Rachel Von | The Journal Gazette Although the TinCaps' Jeisson Rosario is just 18 years old, his discipline at the plate has impressed Padres officials. He has 28 walks.
Monday, May 14, 2018 1:00 am
Teens put their stamp on success of TinCaps
Young players impressing manager, Padres brass
DYLAN SINN | The Journal Gazette
vs. West Michigan
When: 7:05 p.m. today
Where: Parkview Field
TV: Xfinity 81
Radio: 1380 AM or 100.9 FM
The TinCaps' youth has been one of the themes of the season. After the San Diego Padres promoted 18-year-old infielder Luis Almanzar to Fort Wayne on Thursday, the TinCaps can plausibly field a lineup with the five youngest players in the Midwest League on the field at the same time.
Being young is common in the Padres' deep farm system; high-A Lake Elsinore and Double-A San Antonio both have the youngest teams in their leagues, as well. What's less common is having a large contingent of talented young players, which the TinCaps do.
Of the eight Fort Wayne players among the Padres' Top 30 prospects, seven are 19 or younger.
That brigade of gifted youngsters has been instrumental to the team's success this season, especially in recent weeks.
The teenage influence starts at the top of the lineup. Center fielder Jeisson Rosario and infielder Esteury Ruiz have frequently hit 1-2 in the batting order in the last two weeks and have been a potent combination thanks to their on-base skills and athleticism on the bases.
“They do a lot of good things to get on base,” manager Anthony Contreras said before the team's just completed road trip. “Obviously they have good speed, so when they do get on base they add that weapon for us”.
Rosario, 18, has been an impact player essentially from Opening Day, having an on-base percentage of .445 and ranking sixth in the league in walks with 28. Plate discipline has been a hallmark of Rosario's approach since he signed with the Padres and he's been able to maintain that patience with Fort Wayne jumping directly from rookie ball to the Midwest League.
“Jeisson's always a guy who even when he was 15, 16 years old before we signed him, even amongst his peers had very, very good (at-bats) and always saw the baseball well,” said Sam Geaney, the Padres director of player development.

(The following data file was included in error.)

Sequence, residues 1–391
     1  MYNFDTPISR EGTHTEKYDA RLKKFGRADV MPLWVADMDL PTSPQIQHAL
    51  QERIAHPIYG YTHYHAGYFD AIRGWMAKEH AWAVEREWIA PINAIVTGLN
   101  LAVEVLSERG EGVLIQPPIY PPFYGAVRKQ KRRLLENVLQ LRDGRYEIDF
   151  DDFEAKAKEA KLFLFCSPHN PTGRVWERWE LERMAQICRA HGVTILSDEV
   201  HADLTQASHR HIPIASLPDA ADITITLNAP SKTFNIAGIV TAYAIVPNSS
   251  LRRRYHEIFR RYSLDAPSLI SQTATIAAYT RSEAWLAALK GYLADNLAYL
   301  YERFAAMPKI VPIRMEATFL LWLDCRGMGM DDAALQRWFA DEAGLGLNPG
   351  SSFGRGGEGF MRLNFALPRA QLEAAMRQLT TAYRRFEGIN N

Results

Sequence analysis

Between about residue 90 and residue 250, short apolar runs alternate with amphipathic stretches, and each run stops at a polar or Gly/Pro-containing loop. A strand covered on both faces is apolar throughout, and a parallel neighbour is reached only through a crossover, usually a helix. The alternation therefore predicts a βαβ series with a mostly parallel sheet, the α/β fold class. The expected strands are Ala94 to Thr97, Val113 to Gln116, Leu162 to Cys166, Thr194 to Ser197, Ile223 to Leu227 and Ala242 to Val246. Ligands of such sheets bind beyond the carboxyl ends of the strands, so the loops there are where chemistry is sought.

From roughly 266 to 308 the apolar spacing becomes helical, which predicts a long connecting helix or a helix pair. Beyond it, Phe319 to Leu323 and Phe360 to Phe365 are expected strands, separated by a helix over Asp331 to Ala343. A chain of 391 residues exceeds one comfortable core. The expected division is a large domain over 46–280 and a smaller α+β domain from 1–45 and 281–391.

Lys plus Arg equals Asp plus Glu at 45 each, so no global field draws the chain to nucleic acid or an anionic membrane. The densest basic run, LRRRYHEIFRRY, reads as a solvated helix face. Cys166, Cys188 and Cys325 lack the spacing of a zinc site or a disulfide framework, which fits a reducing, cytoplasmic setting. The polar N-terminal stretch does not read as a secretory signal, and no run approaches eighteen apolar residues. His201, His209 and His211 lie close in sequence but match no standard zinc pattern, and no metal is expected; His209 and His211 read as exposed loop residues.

Ruiz, by contrast, struggled out of the gate this season but has been excellent recently. He's cut his strikeouts by almost 5 percent in May, while raising his slugging percentage from .436 to .548. The 19-year-old has three home runs since April 27 and leads the team with five.
Arguably the most improved member of the TinCaps' youth movement in recent weeks has been, fittingly, the team's youngest player. Infielder Justin Lopez did not turn 18 until Wednesday and is the youngest player in the league.
Although he's not one of the players among the Top 30 Padres prospects, the Venezuela native has been one of the team's hottest hitters recently, slugging .472 in May and totaling five extra-base hits, three more than he had in all of April. He's also been solid at shortstop, where he's split time with fellow 18-year-old Gabriel Arias.
“To be that age, I have to constantly tell myself where I was when I was that age,” said Contreras, who also played shortstop in the minor leagues. “There was no way I thought probably in my mind I'd be able to compete at this level when I was 17 years old. But for him to be the youngest guy in the league and come here and compete and do some damage and put up some numbers, it's pretty impressive.”
Ruiz, Rosario and Lopez have been particularly impressive, but the roster includes plenty of other teenagers who have the talent to make an impact as the season continues.
Players such as 18-year-old Tirso Ornelas, who San Diego Pares manager Andy Green called “one of our top outfield prospects” and 19-year-old MacKenzie Gore, the top left-handed pitching prospect in the minor leagues, haven't hit their stride yet but have the ability to help the TinCaps climb in the standings this summer.